Shark Week has come and gone. And most of it won't be missed. The celebrity gimmick shows are just painful. It's cruel to make humans watch that. It's cruel to make SHARKS watch that. The search for an individual shark, inevitably dubbed "monster," or "killer" something, occasionally produces some good footage (there was a great shot of a really big hammerhead in "Monster Under the Bridge") but not much else.
One of the keepers was Extinct or Alive? Land of the Lost Sharks. Forrest Galante took us in search of three sharks (two sharks and a skate, actually), on the southeastern coasts of Africa. The diving shots are really nerve-wracking. This seems to be the place the term "shark-infested waters" was born for. Sometimes you can hardly see the divers. But success is theirs: the quarry is caught on video in all three cases, and we learn a lot as we go.
|Pacific sleeper shark (not from Shark Week show) (NOAA)|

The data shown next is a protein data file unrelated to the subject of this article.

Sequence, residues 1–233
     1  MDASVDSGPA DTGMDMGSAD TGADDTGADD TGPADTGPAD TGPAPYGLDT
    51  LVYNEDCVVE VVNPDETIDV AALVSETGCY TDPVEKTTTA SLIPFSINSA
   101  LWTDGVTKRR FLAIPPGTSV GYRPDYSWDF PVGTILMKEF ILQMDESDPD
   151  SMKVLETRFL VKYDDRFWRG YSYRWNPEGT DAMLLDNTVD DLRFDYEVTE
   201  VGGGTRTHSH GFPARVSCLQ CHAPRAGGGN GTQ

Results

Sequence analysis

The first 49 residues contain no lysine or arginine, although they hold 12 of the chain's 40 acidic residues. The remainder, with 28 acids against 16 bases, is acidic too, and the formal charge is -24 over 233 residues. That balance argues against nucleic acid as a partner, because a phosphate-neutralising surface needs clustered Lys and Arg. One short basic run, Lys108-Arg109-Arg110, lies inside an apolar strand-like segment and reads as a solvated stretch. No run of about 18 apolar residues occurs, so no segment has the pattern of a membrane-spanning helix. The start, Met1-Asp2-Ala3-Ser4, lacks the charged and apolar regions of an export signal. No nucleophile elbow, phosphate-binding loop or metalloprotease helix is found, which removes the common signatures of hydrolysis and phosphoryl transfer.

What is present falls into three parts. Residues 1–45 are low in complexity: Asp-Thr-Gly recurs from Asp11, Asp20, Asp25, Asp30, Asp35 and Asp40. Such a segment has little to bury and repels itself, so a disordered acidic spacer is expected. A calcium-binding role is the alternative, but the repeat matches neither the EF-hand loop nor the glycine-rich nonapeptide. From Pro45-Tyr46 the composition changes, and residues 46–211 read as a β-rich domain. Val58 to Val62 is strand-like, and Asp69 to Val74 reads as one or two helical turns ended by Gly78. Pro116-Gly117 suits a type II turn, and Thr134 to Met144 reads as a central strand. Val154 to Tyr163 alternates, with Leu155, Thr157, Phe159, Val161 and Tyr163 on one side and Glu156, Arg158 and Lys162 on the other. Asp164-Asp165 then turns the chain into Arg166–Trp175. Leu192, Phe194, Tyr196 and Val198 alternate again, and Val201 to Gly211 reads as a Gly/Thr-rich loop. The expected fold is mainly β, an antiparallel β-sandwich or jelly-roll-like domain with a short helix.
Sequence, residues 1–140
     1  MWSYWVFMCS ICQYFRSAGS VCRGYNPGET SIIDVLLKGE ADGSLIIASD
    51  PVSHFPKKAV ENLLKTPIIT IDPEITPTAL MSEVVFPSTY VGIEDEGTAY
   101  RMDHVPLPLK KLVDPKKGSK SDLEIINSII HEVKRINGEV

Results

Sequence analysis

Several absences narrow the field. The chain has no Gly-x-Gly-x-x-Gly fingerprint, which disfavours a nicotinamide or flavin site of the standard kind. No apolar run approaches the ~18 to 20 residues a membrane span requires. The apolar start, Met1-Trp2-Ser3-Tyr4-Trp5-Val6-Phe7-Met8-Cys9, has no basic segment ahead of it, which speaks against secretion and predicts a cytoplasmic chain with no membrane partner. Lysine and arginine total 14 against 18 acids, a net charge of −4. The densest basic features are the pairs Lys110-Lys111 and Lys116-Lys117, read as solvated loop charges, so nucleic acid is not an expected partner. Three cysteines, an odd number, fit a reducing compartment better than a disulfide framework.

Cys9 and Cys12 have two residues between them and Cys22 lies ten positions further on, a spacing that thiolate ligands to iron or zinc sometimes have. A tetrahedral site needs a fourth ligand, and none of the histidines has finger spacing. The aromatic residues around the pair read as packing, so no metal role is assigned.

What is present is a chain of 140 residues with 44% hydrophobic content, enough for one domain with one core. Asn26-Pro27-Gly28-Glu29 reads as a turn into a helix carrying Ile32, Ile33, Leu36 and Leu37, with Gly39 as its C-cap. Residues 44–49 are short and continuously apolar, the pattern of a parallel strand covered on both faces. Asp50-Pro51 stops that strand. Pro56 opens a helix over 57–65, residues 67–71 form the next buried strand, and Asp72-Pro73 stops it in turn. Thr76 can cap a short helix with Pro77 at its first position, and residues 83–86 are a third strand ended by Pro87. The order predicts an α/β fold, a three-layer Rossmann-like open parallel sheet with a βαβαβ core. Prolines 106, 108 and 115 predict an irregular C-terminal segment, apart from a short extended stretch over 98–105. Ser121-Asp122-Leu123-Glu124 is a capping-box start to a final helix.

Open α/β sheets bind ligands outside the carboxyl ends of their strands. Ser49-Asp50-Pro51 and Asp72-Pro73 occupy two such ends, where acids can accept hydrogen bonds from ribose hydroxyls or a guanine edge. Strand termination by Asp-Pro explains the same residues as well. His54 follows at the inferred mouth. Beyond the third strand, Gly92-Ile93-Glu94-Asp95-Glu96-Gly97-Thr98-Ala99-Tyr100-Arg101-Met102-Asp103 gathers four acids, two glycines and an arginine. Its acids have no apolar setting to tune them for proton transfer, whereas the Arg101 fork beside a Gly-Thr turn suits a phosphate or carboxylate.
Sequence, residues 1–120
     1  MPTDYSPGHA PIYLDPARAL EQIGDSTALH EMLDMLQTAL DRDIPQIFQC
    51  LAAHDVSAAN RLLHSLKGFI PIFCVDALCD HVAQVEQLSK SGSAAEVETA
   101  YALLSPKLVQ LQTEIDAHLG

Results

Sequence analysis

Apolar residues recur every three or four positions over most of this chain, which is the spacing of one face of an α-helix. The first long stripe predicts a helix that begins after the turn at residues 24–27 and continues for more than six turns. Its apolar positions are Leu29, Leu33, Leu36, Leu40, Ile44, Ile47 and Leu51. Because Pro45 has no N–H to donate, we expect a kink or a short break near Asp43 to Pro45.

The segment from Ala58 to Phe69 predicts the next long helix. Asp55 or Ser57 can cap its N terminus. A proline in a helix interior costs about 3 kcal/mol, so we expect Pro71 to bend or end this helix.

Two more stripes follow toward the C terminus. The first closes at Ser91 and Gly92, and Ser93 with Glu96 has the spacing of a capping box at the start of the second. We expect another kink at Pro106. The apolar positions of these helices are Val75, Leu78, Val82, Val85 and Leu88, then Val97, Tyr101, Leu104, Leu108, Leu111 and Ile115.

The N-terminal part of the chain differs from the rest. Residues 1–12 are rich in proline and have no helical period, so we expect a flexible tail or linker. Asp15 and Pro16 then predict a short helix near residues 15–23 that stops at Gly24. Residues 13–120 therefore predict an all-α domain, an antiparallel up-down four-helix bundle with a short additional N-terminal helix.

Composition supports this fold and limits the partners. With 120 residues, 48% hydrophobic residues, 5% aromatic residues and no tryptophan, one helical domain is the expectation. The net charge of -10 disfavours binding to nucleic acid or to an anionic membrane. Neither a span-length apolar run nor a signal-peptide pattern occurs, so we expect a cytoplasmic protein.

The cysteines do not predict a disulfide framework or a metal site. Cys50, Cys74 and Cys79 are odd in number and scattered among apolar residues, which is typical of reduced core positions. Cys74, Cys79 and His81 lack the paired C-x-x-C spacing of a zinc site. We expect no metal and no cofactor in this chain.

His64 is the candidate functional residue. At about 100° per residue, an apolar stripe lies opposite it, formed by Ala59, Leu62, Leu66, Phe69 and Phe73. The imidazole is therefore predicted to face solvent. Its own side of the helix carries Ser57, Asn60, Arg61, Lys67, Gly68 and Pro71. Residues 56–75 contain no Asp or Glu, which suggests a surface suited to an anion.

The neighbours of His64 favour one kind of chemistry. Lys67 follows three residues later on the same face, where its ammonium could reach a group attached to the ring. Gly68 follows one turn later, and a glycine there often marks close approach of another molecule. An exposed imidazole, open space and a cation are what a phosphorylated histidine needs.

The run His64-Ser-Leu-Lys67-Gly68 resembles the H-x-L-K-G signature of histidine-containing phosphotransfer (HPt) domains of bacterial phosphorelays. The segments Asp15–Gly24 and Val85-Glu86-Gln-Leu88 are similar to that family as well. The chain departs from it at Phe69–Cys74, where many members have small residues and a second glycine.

The other one was Alien Sharks, which has been the only reliably informative show from this school. Sure there's slightly overdone narration and a reminder of who can be the prey here (I never knew a human had been bitten by a cookie-cutter shark: it's not pretty.) Dr. Mareike Dornhege and a Japanese crew look for the utterly weird goblin and frilled sharks,among other rare deep-water species. The little-known longnose dogfish stole the show by giving birth in a tank on the boat.
The biggest deepwater shark is the sleeper shark, reaching 8 m or more, and Paul Clerkin and Taylor Chappel lead an expedition to Alaskan waters to study them. (Kudos for featuring Dornhege and Clerkin: I'm not an advocate of saying "we need a black guy on this show and an Asian woman on this one," but lineups of these events all too often imply all shark scientists are white guys.)
Clerkin finds his sleeper shark, and adventure ensues as they put the first-ever video tag on a sleeper shark and get a look at its world. Actual science! (more on Aalskan shark science here)
Oh, and my dad sent over this reminder that, yeah, sometimes we are prey. We kill millions of sharks a year, but they don't take it personally. Usually. And when a human does get bitten, we need to remember they are just being sharks. If you're on the Serengeti plains, you watch out for lions...
Hoping for more good stuff next year.